Mythbuster 2: Breakroom Talk about Vaginal Tearing


I was recently at a Super Bowl Party, where I spent the whole time socializing (and eating, of course). I was there with several other mothers, all of whom have adopted their children, and therefore have never given birth. One of these mothers, a good friend of mine, is very averse to discussing all things related to birth. She mentioned overhearing a colleague say that "all woman giving birth must choose between being cut and tearing", and shuddered as she recalled this. Hearing her fear and horror about the topic of tearing and episiotomy made me realize that this would be a perfect myth to bust.

The topic of tearing or having an episiotomy can be a cause of anxiety for many women preparing to give birth. So, what are the facts? Does it have to be one or the other? Is there a way to prevent or reduce the possibility of either? In short, no---not all women tear or need an episiotomy. And Maybe. You may be able to prevent tearing. More on that in a minute. An episiotomy is an incision made in the perineum to prevent natural tearing. This used to be (key words-- used to be--) performed routinely by most OBs because it was thought that a clean cut would heal better and faster than a tear. Most OBs that are up to date with current research will ensure their patients that routine episiotomy is no longer a part of their practice. Sometimes episiotomies are still performed. Usually this occurs if the care-provider feels that it will prevent a an extensive vaginal tear, if the baby is very large or in a sub-optimal position, or if there is a perceived emergency which requires that baby is born very quickly. If you are not sure of your care provider's policies in regards to episiotomies, ask. And if you don't want one be sure to make that clear to your doctor, the doctor on call, and to include it in your birth plan.

So you know you don't have to receive a routine episiotomy, but what about tearing? Does a birthing woman have to tear, can it be prevented? There is a lot of anecdotal evidence, and some research based evidence that birthing women can prevent tearing. But first, here are the facts about perineal tearing during delivery. In an article written for Science and Sensibility by Evidence Based Birth founder Rebecca Dekker, research is cited which says that 44-79% of women who spontaneously labored had a vaginal tear. These tears vary from being just around the urethra, requiring no stitching, to 4th degree tearing during which the laceration extends from the vagina to the rectum. So, although the majority of women do tear, the degree to which the tear occurs varies widely. Most experts agree that spontaneous tearing is better for the birthing woman than a routine episiotomy. But what about preventing tearing? Essentially women and their care providers have tried to prevent tearing using three primary methods: massage of the perineum, warm compress during delivery, and optimizing the position of the laboring woman during pushing. In the above mentioned article for Science and Sensibility Dekker does a great job (as usual) at explaining the research based evidence regarding perineal massage.  According to the research she cites, it seems the jury is still out. There was a reduction in the percentage of episiotomies performed on first time moms who used some massage, but not necessarily a reduction in spontaneous tearing. Warm compresses during pushing, as well as the use of mineral oil could allow the skin to stretch more, but there is not a lot of easily accessible research about this. It couldn't hurt, though. Finally, positioning. Women who are on their backs during pushing are more likely to tear. Women who push while on all fours are less likely to tear. Does this surprise you? We know that laboring on our backs is a suboptimal position for many reasons, and this can just be added to the list.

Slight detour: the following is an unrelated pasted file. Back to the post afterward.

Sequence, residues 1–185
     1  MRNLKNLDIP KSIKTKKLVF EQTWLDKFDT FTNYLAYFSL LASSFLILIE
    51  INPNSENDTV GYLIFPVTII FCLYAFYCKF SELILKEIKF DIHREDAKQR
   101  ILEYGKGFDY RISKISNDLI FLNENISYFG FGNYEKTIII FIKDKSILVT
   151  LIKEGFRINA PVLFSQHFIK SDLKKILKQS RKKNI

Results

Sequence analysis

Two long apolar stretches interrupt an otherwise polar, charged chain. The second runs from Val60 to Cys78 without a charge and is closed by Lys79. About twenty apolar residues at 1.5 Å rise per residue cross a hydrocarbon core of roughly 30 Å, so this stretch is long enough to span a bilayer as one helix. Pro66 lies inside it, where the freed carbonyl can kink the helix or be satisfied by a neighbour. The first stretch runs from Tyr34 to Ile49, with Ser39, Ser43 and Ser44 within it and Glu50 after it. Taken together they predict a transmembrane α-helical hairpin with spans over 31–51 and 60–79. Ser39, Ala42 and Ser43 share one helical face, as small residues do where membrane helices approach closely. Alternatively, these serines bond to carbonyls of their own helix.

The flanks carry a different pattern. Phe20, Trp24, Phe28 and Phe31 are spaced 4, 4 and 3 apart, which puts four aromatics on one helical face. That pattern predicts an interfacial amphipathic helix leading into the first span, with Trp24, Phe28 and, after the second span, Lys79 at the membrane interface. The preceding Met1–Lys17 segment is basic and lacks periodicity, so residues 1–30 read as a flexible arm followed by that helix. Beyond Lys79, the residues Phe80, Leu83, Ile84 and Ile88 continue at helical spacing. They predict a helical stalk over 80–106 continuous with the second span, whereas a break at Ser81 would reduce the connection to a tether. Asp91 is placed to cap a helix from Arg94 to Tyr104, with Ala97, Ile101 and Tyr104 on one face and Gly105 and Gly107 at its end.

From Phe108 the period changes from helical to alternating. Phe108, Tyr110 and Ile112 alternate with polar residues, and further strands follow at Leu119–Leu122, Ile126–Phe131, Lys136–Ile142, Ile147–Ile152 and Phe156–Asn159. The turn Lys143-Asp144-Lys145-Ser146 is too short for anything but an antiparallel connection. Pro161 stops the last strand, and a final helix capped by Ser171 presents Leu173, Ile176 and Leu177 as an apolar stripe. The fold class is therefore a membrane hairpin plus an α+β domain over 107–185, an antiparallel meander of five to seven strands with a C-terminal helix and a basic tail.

So, women in the break room at my friend's work: no. Your myth has beenbusted! You don't have to either have an episiotomy or tear, necessarily. And, if you can make the choice, tearing is normally better. And, if you are concerned about tearing then talk to your care provider about it, and see what they do when trying to prevent tearing. And, if at all possible, don't labor on your back!  

Lori Nigrosh